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Game Info:

Lego Batman 3: Beyond Gotham
Developed by: Traveller's Tales
Published by: Warner Bros.
Release Date: November 11, 2014
Available on: 3DS, iOS, PC, PS3, PS4, Vita, Wii U, Xbox 360, Xbox One
Genre: Action-Adventure
Number of Players: Single-Player
ESRB Rating: E 10+ for cartoon violence
Price: $29.99
(Amazon Affiliate Link)

Thank you Warner Brothers for sending us this game to review!

This is my first time playing a Lego game, so I can't say how well Lego Batman 3: Beyond Gotham picks up from its predecessor.  Batman 3 begins with Sinestro, Star Sapphire, Atrocious (Red Lanterns), Saint Walker (Blue Lanterns), and Larfleeze (Orange Lanterns) being summoned into space.  Not knowing why they all got beamed into space, they begin accusing and arguing with each other.  Suddenly, Brainiac appears and explains why he has summoned them and recruits them to assist in capturing planets for his own gain.

Meanwhile in Gotham City Batman and Robin are pursuing Killer Croc in the sewers.  Just when they pin him down, they run into Cheetah, Firefly, Joker and Solomon Grundy.  There's a lot of comic book characters in this game and you can play over one hundred and fifty of them.  Even though this is a Batman game, I got to play as the Joker, Green Lantern, Flash, Alfred, Lex Luthur, Wonder Woman, Martian Manhunter, and Robin.  A majority of the other characters have to be unlocked first.

Lego Batman 3: Beyond Gotham
Highlights:

Strong Points: Funny characters and dialogue; lots of unlockables for those who take the time to find every item
Weak Points: A little too easy and repetitive for mature gamers, great for kids though
Moral Warnings:  Cartoon violence 

Every level has several objectives that have to be met in order to unlock a new character or an ability.  Beating a level is a given, but there are Lego stud challenges to find a set number of circular Lego pieces.  While those studs are common, finding the yellow and red bricks are harder to do.  Another challenge is to find and destroy all of the Joker, Batman, and Lex Luther structures scattered in each of the levels.  There is also a Joker card that is hidden in each level as well. Those are pretty well hidden and I have only managed to find a couple of them on my journey.  The last objective is to do combos or finishing moves when attacking enemies.  

Each level has a minimum of two characters you can play as.  Switching between the two is a button press away.  The secondary character will be controlled by the system and the AI is decent.   Any Lego studs in their path will be picked up, but they will not go out of their way for them.  Also, they will defend themselves and follow you as long as there is a clear path.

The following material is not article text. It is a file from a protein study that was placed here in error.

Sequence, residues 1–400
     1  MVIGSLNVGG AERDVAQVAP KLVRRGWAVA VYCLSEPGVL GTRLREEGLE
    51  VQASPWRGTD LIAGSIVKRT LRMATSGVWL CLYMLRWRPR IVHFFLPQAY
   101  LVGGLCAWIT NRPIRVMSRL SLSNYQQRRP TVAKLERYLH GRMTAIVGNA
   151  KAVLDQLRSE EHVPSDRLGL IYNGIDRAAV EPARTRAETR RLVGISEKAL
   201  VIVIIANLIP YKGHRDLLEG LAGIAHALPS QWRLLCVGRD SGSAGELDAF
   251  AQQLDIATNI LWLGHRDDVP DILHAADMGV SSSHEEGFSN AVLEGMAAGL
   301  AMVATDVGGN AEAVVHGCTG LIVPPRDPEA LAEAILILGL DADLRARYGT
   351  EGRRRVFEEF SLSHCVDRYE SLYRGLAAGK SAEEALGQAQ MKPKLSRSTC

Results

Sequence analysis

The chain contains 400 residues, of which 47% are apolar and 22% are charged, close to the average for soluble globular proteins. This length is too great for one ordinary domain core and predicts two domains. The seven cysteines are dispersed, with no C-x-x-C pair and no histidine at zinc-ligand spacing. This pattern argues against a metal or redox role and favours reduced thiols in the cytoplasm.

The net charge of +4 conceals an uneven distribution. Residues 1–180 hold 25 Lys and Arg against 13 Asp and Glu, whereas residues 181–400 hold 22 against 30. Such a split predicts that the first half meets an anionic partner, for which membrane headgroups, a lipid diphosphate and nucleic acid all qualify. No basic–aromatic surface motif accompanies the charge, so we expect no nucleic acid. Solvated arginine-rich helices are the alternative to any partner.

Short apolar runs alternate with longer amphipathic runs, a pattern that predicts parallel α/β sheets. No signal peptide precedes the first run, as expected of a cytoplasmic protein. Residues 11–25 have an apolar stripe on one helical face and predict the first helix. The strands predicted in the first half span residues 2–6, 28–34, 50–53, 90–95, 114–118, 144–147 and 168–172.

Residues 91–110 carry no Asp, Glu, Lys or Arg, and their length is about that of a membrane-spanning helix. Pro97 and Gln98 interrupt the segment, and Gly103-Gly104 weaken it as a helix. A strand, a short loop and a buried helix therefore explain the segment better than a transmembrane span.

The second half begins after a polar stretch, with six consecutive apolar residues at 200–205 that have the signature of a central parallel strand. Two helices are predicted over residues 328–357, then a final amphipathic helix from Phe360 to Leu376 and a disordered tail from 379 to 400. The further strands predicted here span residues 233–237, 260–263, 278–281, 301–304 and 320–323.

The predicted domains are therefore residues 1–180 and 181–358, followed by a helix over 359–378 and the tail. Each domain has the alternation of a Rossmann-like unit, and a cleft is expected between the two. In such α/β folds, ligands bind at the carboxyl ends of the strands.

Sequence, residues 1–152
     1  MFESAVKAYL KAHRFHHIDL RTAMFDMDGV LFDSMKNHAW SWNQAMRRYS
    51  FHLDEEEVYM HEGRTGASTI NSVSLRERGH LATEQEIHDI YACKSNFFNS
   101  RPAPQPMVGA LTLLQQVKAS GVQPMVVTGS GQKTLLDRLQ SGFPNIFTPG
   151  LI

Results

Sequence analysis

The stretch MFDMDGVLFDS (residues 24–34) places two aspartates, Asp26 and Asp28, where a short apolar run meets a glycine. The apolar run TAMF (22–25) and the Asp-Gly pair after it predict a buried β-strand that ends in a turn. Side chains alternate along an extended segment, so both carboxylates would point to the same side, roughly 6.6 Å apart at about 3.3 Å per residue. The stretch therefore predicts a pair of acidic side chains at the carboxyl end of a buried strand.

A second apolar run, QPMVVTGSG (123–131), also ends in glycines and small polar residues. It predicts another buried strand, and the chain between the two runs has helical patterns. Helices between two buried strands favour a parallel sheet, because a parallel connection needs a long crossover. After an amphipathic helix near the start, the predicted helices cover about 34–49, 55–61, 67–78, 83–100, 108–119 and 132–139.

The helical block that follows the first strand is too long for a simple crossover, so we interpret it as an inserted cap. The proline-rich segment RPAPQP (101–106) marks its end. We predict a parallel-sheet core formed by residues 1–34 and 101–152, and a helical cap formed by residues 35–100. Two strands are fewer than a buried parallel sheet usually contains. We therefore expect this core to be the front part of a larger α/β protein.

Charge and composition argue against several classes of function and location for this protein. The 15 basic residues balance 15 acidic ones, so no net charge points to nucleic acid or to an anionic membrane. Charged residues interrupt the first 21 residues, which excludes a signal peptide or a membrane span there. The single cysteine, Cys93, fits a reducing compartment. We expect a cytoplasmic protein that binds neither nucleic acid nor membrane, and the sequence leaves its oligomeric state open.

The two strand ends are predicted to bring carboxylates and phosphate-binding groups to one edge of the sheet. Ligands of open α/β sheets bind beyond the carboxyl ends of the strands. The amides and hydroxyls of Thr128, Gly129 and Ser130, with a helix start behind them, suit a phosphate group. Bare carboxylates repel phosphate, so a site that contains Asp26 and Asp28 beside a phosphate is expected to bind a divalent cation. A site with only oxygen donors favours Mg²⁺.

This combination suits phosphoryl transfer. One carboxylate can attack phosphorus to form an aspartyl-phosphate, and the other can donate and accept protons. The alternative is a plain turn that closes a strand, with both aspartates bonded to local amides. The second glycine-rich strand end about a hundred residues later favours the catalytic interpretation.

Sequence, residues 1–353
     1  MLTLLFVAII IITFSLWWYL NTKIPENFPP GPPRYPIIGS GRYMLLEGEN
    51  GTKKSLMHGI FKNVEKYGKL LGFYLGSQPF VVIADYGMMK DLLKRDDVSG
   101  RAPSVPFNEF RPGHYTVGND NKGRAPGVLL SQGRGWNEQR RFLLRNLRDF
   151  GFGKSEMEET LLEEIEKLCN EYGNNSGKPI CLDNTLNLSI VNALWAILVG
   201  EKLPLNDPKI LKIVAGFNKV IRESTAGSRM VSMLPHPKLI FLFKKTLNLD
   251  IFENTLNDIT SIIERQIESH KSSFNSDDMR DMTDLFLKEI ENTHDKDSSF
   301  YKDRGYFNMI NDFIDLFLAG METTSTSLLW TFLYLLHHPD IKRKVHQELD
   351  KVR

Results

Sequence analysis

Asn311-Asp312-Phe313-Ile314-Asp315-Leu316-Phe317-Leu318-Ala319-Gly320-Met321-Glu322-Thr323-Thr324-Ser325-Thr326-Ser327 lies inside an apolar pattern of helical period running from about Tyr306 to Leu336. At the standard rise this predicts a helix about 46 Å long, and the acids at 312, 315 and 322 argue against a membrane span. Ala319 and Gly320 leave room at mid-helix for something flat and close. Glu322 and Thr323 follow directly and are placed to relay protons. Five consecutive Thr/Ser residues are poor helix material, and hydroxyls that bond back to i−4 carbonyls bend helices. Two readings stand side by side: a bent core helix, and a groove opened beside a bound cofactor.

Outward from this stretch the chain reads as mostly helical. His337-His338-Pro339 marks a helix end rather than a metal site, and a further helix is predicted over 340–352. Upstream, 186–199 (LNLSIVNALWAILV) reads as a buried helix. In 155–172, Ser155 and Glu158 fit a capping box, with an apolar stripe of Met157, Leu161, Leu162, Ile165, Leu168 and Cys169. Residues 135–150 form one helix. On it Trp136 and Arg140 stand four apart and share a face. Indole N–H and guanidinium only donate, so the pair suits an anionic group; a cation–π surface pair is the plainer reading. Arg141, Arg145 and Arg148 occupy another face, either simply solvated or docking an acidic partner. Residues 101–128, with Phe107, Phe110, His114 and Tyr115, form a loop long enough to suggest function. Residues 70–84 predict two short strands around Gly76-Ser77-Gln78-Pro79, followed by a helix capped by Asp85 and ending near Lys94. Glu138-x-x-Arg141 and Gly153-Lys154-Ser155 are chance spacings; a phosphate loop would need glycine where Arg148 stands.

Lego Batman 3: Beyond Gotham
Score Breakdown:
Higher is better
(10/10 is perfect)

Game Score - 80%
Gameplay - 16/20
Graphics - 8/10
Sound - 8/10
Stability - 4/5
Controls - 4/5

Morality Score - 96%
Violence - 8/10
Language - 10/10
Sexual Content - 10/10
Occult/Supernatural - 10/10
Cultural/Moral/Ethical - 10/10

The enemy goons can be taken out by mere button mashing, but the bosses take a little bit more skill.  They often have invulnerable moments that have to be addressed before attacking them.  Since this is a Lego game, you often have to build devices to weaken them.   It should also be noted that many items in the levels are destructible and you have to destroy everything in sight to meet the Lego stud requirement.   Most of the levels are in a 3D third person perspective; to mix things up a bit there are some  Spaceship, Spaceship, SPACESHIP! levels too.         

The graphics are crisp and the animations are well done.  The cut scenes look good on the Vita and greatly add to the story and character development.  Unfortunately, they did stutter occasionally. The voice acting is superb and brings the Lego figures to life. 

Any kid who likes DC comic book heroes is bound to like Lego Batman 3: Beyond Gotham.  Just like the comics, there is some violence but there is no blood or gore.  Since the enemies are made of Legos, they break apart and fade away.  Mature gamers may not enjoy the repetitiveness and simple gameplay mechanics though.  Beating the game is practically a given, but clearing all of the level objectives will be challenging for gamers of all ages.  I enjoyed my time in this eight hour adventure and my son seems to like it as well.

 

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Christ Centered Gamer looks at video games from two view points. We analyze games on a secular level which will break down a game based on its graphics, sound, stability and overall gaming experience. If you’re concerned about the family friendliness of a game, we have a separate moral score which looks at violence, language, sexual content, occult references and other ethical issues.

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